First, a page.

There have been concerns raised at the future of Lanesboro's local economy as the south Longford town prepares for the closure of its ESB power station tomorrow
Government leaders need to do more to ensure Lanesboro’s economic future is safeguarded in the wake of the ESB’s impending departure from its shores this week.
They were the unequivocal directives issued towards the power brokers inside Leinster House by local politicians over the past seven days ahead of Lough Ree Power Station’s closure on Friday.
“People are getting it hard to believe that it is the end of an era for the town, that with Bord na Móna and the ESB, two massive companies that have served the town and this area so well for the past numerous decades that now it’s over,” said Independent Cllr Mark Casey.
“We never had a recession in Lanesboro because we always had the ESB and Bord na Móna and now, like every other town, we are going to have to face it and try and entice different industries into the area.”
Cllr Casey has been a long time sceptic of the monies which had originally been mooted towards the State’s so-called ‘Just Transition’ Fund, a mechanism set up designed to aid workers and communities affected by a switch away from fossil-fuel producing economies to more ‘green’, environmentally sustainable alternatives.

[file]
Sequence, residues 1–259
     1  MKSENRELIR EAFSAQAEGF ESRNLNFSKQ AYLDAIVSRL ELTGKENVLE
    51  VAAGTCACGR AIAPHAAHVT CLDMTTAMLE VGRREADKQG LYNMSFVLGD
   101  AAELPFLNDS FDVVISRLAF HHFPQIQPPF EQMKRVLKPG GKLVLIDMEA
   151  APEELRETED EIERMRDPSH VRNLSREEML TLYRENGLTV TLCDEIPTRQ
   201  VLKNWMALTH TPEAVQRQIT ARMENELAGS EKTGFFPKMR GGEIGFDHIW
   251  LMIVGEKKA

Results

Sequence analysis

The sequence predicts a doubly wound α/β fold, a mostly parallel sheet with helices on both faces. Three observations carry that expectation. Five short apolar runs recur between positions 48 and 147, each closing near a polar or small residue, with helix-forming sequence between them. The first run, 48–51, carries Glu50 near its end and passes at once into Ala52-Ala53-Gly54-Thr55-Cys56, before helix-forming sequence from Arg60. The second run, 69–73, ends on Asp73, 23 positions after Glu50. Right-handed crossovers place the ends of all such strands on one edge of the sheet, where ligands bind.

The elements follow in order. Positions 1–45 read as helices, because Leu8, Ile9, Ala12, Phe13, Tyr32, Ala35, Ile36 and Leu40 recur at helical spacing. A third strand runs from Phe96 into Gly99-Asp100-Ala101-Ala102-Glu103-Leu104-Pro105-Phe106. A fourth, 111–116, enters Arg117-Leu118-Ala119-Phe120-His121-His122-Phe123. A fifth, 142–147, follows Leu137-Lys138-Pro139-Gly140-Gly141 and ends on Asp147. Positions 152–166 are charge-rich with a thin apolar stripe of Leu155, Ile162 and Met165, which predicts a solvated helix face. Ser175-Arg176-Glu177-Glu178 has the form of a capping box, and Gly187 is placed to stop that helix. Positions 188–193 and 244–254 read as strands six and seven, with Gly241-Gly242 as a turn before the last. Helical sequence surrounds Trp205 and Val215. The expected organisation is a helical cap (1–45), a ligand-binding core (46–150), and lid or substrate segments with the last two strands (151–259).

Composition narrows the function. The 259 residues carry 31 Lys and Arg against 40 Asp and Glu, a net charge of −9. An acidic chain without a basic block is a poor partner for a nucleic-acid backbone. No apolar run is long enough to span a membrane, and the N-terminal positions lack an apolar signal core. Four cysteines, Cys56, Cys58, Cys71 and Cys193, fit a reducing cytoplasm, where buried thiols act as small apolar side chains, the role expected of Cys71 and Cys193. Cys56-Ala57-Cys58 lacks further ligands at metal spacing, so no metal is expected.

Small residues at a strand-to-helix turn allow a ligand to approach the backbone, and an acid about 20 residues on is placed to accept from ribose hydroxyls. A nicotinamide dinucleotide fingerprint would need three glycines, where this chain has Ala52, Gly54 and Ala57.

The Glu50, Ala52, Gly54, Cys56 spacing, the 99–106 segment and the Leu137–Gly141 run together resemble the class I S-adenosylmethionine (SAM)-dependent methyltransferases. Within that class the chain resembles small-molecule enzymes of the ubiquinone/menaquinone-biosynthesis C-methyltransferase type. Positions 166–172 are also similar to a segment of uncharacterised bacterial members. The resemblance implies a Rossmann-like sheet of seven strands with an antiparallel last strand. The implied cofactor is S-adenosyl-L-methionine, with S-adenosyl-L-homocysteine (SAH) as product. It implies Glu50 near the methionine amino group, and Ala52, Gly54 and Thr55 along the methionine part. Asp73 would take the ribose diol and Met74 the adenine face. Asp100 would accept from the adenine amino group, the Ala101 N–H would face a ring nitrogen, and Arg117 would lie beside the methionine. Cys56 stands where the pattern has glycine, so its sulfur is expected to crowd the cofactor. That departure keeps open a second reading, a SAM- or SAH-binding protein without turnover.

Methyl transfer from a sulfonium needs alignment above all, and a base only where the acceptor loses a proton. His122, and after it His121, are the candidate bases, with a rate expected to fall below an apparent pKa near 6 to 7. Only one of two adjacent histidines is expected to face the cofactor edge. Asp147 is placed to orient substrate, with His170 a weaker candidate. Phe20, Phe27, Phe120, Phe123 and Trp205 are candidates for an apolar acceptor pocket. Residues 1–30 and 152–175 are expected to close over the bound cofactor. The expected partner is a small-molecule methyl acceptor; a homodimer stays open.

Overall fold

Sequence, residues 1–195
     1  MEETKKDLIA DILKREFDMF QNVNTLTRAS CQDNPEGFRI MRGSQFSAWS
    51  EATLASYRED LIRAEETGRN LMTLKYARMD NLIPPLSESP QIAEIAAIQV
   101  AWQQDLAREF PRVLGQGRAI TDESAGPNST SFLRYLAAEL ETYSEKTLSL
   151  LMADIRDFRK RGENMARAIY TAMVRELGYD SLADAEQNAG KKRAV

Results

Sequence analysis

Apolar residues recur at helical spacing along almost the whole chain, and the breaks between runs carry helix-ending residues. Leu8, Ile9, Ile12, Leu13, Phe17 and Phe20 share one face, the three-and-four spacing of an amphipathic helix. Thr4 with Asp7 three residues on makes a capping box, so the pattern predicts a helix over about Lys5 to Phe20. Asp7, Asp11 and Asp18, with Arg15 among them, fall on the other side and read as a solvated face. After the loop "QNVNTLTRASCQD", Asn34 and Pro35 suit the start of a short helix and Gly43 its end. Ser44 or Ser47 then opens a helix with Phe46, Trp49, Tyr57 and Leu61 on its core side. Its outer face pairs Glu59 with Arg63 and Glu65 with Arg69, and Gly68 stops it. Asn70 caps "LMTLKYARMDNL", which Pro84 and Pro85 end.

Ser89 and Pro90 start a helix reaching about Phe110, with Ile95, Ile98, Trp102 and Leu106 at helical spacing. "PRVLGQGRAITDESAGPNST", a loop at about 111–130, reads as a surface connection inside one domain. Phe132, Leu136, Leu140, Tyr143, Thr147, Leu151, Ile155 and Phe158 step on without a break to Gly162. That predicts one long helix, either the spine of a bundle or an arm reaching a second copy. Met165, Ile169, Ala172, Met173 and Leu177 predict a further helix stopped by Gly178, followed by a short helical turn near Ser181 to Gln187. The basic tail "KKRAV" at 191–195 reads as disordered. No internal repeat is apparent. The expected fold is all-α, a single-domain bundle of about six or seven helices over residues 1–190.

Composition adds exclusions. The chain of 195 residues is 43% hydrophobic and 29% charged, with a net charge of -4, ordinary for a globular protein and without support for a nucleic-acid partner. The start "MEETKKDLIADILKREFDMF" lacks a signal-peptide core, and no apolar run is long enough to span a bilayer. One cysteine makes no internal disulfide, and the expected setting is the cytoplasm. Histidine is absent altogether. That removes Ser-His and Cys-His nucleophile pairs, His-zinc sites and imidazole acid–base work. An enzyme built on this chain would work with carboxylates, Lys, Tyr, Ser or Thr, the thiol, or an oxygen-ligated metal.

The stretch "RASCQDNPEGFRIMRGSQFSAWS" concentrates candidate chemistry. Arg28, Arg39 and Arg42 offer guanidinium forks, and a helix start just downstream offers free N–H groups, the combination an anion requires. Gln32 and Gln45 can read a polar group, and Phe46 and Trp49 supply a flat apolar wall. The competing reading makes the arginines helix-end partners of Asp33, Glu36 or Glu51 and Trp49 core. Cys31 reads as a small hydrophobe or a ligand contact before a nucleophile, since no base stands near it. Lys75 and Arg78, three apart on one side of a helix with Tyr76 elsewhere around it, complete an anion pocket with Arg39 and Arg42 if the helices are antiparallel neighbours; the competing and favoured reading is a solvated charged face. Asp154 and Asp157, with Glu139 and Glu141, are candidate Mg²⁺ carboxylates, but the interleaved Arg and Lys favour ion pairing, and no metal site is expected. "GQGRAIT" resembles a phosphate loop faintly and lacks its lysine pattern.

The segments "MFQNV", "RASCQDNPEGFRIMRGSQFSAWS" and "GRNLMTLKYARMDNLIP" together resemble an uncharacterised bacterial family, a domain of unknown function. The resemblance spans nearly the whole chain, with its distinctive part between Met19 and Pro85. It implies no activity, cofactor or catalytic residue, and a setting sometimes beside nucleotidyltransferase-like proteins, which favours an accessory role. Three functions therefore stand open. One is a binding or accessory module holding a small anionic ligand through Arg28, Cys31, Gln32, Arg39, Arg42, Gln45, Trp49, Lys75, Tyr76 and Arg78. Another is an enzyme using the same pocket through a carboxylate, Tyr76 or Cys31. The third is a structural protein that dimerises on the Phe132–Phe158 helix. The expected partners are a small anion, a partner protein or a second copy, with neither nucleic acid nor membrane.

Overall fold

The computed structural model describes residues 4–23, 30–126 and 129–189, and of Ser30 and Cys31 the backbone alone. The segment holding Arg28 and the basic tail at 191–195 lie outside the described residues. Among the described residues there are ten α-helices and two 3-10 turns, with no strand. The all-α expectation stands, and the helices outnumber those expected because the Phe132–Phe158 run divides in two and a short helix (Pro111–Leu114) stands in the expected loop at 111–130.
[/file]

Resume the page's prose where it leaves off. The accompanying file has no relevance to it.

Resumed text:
The supplementing of that overall pot from an initial €11m to a broader €108m fund to help rehabilitate Bord na Móna bogs has not stifled the likes of the Independent councillor in calling for better use to be made of the station’s building which was only constructed back in the mid naughties.
“We have a Just Transition Fund that 11 counties are able to pull out of and I am concerned about that. Ground zero is Shannonbridge and ground zero is Lanesboro and that’s where the money should be,” he said.
“It shouldn’t be for parts of Tipperary or other places, we are impacted here the most, so the vast sums of money should be going to those two locations and there should be a better say given to the local community on how this money should be spent.”
Fine Gael local Cllr Ger Farrell added his weight to those calls by insisting the spotlight was very much on government leaders to ensure Lanesboro’s economic future is not compromised going forward.
“It’s going to be strange and even stranger when it (building) actually comes down,” he said.
“There is a commitment there for Lanesboro to be prioritised for funding into the future and that’s where my focus and energies will be-to get in and attract industries to replace the ones we are losing.”